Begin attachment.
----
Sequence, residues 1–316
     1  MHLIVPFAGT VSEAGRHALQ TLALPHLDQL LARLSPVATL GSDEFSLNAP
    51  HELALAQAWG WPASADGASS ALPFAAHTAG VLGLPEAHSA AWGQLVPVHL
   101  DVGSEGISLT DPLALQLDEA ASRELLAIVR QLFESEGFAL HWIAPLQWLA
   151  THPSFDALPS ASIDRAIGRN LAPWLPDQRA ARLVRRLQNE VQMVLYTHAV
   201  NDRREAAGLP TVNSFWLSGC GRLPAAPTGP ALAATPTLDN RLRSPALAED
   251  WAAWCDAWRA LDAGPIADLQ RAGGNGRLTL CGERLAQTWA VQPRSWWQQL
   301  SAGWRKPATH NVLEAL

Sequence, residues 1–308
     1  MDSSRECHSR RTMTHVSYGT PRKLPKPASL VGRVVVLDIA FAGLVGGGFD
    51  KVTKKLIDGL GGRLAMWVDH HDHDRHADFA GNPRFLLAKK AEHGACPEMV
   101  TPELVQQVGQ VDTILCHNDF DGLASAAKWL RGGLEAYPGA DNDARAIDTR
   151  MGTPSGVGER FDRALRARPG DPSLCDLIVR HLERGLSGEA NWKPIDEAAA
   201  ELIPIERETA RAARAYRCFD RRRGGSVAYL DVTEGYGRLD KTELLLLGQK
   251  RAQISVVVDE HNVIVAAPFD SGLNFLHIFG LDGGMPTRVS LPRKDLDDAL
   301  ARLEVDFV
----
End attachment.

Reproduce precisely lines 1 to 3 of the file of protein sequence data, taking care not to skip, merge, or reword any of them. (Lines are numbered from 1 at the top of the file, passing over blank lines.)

Sequence, residues 1–316
     1  MHLIVPFAGT VSEAGRHALQ TLALPHLDQL LARLSPVATL GSDEFSLNAP
    51  HELALAQAWG WPASADGASS ALPFAAHTAG VLGLPEAHSA AWGQLVPVHL